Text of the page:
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Written by Hailey Lam and Julliette Paul
Social issues at Townsend Harris are normally discussed in heated, biased debates on Facebook. However, these past few months, The Phoenix has redirected the arguments into a more productive outlet, by creating works of poetry and art.
The Al-Rahma reading focused on the impact Islamophobia has on the global society. Students were able to depict the harmful effects of prejudice against Muslims in works of expression. Editor in Chief senior Kristine Guillaume said that through this reading she “wanted to respond, to reach out to everyone who may be feeling inferior or may be feeling discriminated against.”
Freshman Asiya Koli read “Fear of,” by Devin Kelly a poem written in response to the time one of her students “expressed her fear of Islamophobia,” her poem offers a window into a teacher’s experience trying to grapple with how to teach about fear and hate.
Social studies teacher Mr. O’Malley presented the audience with an ancient text, a Mu’allaqat, a group of seven long poems from the pre-Islamic era. The poet, Imru’l-qays. relays his conquests with multiple women in these poems using vivacious imagery to the audience.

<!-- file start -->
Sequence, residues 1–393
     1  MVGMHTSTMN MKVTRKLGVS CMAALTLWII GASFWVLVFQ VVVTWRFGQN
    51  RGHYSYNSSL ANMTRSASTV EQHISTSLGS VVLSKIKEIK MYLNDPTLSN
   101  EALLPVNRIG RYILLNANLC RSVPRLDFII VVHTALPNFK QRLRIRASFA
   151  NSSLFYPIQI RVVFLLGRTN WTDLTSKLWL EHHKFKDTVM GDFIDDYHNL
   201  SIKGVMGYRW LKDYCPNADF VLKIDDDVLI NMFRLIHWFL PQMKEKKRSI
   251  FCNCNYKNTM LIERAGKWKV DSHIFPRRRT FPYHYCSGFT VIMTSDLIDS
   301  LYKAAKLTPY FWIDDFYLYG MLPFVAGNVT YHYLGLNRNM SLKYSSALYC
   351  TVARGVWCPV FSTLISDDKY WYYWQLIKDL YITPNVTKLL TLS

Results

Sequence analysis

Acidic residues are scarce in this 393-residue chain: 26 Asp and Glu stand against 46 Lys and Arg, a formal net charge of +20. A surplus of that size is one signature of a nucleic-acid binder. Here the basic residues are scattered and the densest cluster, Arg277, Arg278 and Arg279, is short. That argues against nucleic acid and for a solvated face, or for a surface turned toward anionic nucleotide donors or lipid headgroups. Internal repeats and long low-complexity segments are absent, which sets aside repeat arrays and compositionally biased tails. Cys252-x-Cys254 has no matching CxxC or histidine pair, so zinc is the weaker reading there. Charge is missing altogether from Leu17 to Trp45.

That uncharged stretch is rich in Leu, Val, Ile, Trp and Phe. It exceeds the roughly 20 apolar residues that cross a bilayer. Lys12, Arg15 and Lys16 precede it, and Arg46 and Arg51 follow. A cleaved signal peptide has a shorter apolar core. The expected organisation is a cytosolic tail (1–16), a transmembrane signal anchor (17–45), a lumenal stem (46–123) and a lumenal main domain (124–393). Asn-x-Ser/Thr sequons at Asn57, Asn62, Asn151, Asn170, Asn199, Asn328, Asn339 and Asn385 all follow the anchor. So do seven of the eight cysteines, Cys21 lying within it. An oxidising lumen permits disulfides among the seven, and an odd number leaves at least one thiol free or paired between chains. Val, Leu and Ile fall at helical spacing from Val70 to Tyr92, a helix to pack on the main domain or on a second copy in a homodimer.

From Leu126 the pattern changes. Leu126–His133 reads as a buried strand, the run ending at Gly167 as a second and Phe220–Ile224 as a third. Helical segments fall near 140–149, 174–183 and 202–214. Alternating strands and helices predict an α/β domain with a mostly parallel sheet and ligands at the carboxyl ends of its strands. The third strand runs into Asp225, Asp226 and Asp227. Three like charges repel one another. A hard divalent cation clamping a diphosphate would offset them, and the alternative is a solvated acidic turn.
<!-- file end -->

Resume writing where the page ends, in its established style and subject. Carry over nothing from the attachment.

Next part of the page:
Junior Noel Du created a visual representation of the alienating discrimination Muslims often face and the damage it can cause on the psyche of children. She told the short story through the eyes of a Muslim woman and her experiences with Islamophobia in the form of a slideshow comic. Junior William Mun, inspired by her presentation created his own comic based on the life of a transgender person and their struggles at the Spectrum Reading. These comics were projected onto the ceiling, giving the comics a cinematic quality. The Spectrum reading, a collaboration with GSA, shed light on the hardships that the LGBT community continues to face. The trend of discrimination against minorities perseveres, despite the recent legitimization of same sex marriage. The members of the GSA and The Phoenix came together to show solidarity. Senior Florabencia Fils-Aime said, “[The] GSA was able to spread the different ways that gender and sexuality can be expressed in media and it was very interesting hearing from the different speakers.”